orth American traders return to work from the holiday weekend to find markets ready to build on last week’s turnaround. Some of the fears and uncertainties that had gripped markets and threw them down hard over the last six weeks have started to recede. Index futures for the Dow and S&P are looking up about 1.0% with NASDAQ futures trading up 1.6%.
The big news this morning is that Saudi Arabia, Russia, Qatar and Venezuela have agreed to freeze production at January levels. The deal is contingent on other producers joining in but later reports suggest Iraq may also freeze production, while Iran probably won’t until it gets production and sales back up to pre-sanctions levels (who could blame them really?). Meanwhile low exploration activity in the US suggests production there may decline naturally in time anyway.
Oil markets fell back a bit on the news then stabilized with traders initially disappointed that the countries didn’t agree on actual production cuts, have only agreed to freeze at high levels, and could yet cheat or renege on the deal. In my opinion though, a comprehensive deal was way too much to ask of countries at each other’s throats fighting market share and proxy wars. This truce does, however, represent a positive first step that may not boost prices as much as some would like but at least should help to tone down the unfettered “how low could oil go” speculation, help the price to stabilize and perhaps set the stage for future agreements
Positive momentum from Friday’s North American continued though trading on Monday and into Tuesday. Asia Pacific markets kicked off the week with a big catch-up rally which has continued today particularly in mainland markets where Shanghai and Shenzen have gained another 3-4% overnight. where sentiment toward China has stabilized amid indications the PBOC isn’t going to allow a free fall in CNY and has been putting money into the system over the last few weeks boosting loan growth .
Overnight Asia Pacific trading saw the mainland China Shanghai and Shenzen indices rise 3-4% while the Hang Seng and Australian market rose about 1.0% and Japan was steady building on Monday’s gains.
European indices are trading flat this morning with the FTSE slightly in positive territory while continental indices are slightly in negative territory. Soft ZEW survey results are weighing on the Dax
a bit while the FTSE and CAC are up slightly. UK inflation figures were mixed with no big surprises.
Currency markets are relatively steady today. Oil sensitive currencies are performing relatively well on the deal news, particularly CAD and NOK. CAD continues to recover against USD in particular and also against GBP where it has dropped back under 2 pounds to the loonie. GBP and EUR both have been dropping back this week following dovish comments from MPC member McCafferty (who recently dropped his hawkish stance) and ECB President Draghi.
It’s a fairly light day for economic news, but the US Empire Manufacturing report could raise more questions about the US economy and what direction the Fed may take it its next meeting. The number may be distorted, however, by last month’s record storm. Housing reports for the US and Canada could also attract some attention. Manufacturing sales for Canada may be scrutinized for signs of whether the lower loonie is helping manufacturers, and how big the lingering impact of the oil crash on the sector may be.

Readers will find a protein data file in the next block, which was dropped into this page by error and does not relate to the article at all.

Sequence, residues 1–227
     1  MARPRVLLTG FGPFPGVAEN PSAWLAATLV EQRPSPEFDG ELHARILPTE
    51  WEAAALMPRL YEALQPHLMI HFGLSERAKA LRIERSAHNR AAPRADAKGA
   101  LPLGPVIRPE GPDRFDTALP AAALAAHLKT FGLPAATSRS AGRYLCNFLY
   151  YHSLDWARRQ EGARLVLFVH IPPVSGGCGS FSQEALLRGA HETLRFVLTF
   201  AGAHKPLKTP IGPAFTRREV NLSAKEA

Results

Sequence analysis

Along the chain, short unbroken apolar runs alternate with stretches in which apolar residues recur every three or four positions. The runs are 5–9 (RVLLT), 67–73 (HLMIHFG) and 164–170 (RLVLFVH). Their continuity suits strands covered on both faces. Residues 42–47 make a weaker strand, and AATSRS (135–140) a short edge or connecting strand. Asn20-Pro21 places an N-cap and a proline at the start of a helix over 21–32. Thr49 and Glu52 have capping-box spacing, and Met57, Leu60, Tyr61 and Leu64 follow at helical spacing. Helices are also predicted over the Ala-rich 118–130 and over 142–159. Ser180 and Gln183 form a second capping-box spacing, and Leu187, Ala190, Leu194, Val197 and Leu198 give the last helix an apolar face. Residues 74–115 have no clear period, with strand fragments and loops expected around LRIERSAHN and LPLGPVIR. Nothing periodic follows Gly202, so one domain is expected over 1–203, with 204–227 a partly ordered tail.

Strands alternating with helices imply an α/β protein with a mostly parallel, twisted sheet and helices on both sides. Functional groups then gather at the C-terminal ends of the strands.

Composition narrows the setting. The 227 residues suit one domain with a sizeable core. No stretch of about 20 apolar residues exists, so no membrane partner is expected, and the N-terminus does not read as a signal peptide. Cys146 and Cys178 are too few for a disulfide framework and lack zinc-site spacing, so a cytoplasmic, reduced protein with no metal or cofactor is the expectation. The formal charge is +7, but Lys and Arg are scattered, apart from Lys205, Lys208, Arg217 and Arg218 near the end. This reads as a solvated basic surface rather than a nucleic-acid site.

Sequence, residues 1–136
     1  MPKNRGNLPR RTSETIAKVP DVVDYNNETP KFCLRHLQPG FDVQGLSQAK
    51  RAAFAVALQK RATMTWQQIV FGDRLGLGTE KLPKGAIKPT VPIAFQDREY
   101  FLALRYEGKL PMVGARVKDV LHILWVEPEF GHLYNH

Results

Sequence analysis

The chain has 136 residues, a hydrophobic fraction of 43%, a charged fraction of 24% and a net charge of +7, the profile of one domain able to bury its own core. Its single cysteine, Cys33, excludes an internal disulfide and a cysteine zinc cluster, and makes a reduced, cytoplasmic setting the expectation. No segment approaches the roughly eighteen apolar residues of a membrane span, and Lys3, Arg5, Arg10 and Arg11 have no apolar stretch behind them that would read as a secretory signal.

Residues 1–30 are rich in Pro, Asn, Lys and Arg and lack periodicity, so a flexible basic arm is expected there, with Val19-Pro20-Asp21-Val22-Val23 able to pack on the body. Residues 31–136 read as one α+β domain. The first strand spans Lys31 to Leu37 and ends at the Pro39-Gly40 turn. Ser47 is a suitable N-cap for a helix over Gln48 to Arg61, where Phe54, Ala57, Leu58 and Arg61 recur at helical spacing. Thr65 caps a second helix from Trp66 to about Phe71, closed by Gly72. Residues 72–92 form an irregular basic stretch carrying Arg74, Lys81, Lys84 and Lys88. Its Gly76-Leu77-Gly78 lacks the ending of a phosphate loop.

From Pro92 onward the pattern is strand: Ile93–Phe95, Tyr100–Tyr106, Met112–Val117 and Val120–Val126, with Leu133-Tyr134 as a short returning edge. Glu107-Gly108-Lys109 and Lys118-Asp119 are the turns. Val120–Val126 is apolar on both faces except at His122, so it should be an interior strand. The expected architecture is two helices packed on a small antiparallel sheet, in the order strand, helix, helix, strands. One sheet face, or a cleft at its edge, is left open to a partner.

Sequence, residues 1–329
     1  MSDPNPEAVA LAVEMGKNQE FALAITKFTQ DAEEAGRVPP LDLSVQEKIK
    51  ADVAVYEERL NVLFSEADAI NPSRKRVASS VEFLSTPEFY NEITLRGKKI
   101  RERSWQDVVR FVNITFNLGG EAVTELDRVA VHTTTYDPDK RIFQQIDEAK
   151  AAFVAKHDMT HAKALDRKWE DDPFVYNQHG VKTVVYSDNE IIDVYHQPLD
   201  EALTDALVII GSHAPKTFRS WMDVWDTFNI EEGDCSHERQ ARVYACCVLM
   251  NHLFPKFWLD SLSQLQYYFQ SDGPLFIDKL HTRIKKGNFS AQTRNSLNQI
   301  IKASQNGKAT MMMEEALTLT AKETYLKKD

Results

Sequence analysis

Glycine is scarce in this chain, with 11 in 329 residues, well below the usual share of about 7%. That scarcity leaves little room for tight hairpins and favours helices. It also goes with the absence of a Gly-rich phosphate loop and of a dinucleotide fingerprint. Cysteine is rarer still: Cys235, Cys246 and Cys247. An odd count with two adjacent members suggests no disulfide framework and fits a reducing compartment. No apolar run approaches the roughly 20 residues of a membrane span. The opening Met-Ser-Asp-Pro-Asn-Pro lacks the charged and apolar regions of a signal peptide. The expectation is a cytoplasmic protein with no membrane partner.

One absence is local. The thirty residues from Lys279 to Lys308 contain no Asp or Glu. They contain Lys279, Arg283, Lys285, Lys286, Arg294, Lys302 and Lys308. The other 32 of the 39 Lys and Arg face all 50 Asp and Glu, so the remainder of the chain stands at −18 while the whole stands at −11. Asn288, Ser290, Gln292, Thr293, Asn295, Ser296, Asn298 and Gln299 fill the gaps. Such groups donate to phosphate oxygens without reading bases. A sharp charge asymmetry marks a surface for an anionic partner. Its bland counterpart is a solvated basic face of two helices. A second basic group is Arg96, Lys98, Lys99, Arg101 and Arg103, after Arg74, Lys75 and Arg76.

There have been no major announcements in North America this morning.
Significant announcements released overnight include:
UK consumer prices 0.3% as expected
UK core CPI 1.2% vs street 1.3%
UK retail prices 1.3% vs street 1.4%
UK producer input prices (7.6%) vs street (8.6%)
UK producer output prices (1.0%) vs street (0.9%)
UK ONS house prices 6.7% vs previous 7.7%
Germany ZEW current 52.3 vs street 55.0
Germany ZEW expectations 1.0 vs previous 10.2
Eurozone ZEW expectations 13.6 vs previous 22.7
Norway GDP/Quarter (1.2%) vs street (0.4%)
China new loans CNY 2,510B vs street 1,900B
China M2 money supply 14.0% vs street 13.5%
NZ retail sales 1.2% vs street 1.5%
From the weekend:
China trade balance $63.2B vs street $60.6B
China exports (6.6%) vs street 3.6%
China imports (14.4%) vs street 1.8%
China foreign investment 3.2% vs street (5.9%)
Upcoming significant announcements include:
8:30 am EST US Empire Manufacturing street (10.5) vs previous (19.4)
10:00 am EST US NAHB housing market index street 60 unchanged
8:30 am EST Canada manufacturing sales 0.5% vs street 1.0%
9:00 am EST Canada monthly home sales previous (0.6%) over month
10:00 am EST Canada Nanos Bloomberg confidence precious 52.2
CMC Markets is an execution only service provider. The material (whether or not it states any opinions) is for general information purposes only, and does not take into account your personal circumstances or objectives. Nothing in this material is (or should be considered to be) financial, investment or other advice on which reliance should be placed. No opinion given in the material constitutes a recommendation by CMC Markets or the author that any particular investment, security, transaction or investment strategy is suitable for any specific person.
CMC Markets erbjuder sin tjänst som ”execution only”. Detta material (antingen uttryckt eller inte) är endast för allmän information och tar inte hänsyn till dina personliga omständigheter eller mål. Ingenting i detta material är (eller bör anses vara) finansiella, investeringar eller andra råd som beroende bör läggas på. Inget yttrande i materialet utgör en rekommendation från CMC Markets eller författaren om en viss investering, säkerhet, transaktion eller investeringsstrategi. Detta innehåll har inte skapats i enlighet med de regler som finns för oberoende investeringsrådgivning. Även om vi inte uttryckligen hindras från att handla innan vi har tillhandhållit detta innehåll försöker vi inte dra nytta av det innan det sprids.